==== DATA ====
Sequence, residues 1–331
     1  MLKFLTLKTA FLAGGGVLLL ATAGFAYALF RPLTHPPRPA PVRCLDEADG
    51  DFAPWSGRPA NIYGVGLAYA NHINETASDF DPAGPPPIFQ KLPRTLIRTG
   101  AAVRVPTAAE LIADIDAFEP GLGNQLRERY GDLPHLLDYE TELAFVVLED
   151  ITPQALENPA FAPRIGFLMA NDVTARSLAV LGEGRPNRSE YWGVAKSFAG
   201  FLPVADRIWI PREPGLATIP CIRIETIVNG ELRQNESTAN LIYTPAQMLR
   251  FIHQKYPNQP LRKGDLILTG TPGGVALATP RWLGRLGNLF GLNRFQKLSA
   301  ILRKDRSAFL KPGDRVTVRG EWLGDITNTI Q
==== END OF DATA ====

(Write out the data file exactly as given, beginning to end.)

Sequence, residues 1–331
     1  MLKFLTLKTA FLAGGGVLLL ATAGFAYALF RPLTHPPRPA PVRCLDEADG
    51  DFAPWSGRPA NIYGVGLAYA NHINETASDF DPAGPPPIFQ KLPRTLIRTG
   101  AAVRVPTAAE LIADIDAFEP GLGNQLRERY GDLPHLLDYE TELAFVVLED
   151  ITPQALENPA FAPRIGFLMA NDVTARSLAV LGEGRPNRSE YWGVAKSFAG
   201  FLPVADRIWI PREPGLATIP CIRIETIVNG ELRQNESTAN LIYTPAQMLR
   251  FIHQKYPNQP LRKGDLILTG TPGGVALATP RWLGRLGNLF GLNRFQKLSA
   301  ILRKDRSAFL KPGDRVTVRG EWLGDITNTI Q